We serve a God who loves us. When we are walking with Him, we can take comfort knowing that God will always provide the strength to resist temptation or a route to escape it. What a wonderful promise. However, there's an equally wonderful promise on the other side... When we are in sin and rebelling against God, He reserves the right to do whatever it takes to tear sin out of us and bring us back to Him. That, my friends, is love.

"For the moment all discipline seems painful rather than pleasant, but later it yields the peaceful fruit of righteousness to those who have been trained by it." (Hebrews 12:11, ESV)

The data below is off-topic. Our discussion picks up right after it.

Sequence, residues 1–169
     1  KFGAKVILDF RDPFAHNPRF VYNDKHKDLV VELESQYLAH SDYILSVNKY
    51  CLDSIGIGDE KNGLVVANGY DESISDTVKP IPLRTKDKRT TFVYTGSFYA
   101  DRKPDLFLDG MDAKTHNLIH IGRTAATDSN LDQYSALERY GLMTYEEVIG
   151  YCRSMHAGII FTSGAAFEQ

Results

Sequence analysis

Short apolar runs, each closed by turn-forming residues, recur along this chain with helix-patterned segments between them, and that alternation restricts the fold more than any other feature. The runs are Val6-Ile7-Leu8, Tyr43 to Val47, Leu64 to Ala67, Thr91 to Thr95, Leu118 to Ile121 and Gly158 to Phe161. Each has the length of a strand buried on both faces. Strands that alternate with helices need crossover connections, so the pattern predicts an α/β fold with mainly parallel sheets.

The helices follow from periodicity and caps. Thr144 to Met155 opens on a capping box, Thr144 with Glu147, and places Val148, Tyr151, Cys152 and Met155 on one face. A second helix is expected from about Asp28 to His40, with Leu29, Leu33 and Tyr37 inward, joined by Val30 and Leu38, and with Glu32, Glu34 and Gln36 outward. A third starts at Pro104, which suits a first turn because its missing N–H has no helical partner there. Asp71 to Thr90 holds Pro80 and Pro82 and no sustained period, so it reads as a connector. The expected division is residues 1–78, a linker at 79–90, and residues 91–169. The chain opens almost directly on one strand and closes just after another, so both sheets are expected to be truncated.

Sometimes God's refining fire might be more than we can bear, but it will always be exactly what we need.



  • Great post, Brian. (Just catching up ... August was a lost month for blog reading!)

    Two people I respect recently have recommended Larry Crabbe's "Shattered Dreams" to me. I scanned the first chapter, which is a parable, and it's essentially about this very thing, with a bit of our twist, about our mistaken belief that we earn happiness by being God's children, and about the extent to which he will allow us to suffer and even cause our suffering in an effort to bring us into right relationship with him.

    I've never been a Larry Crabbe fan, but this book seems like a good 'un.

    BTW, I've taken the word verification off my blog, and only VERY rarely do I get any spam. And it's very easily dealt with. FWIW.

    By Blogger PatL, at 9:54 AM, September 19, 2006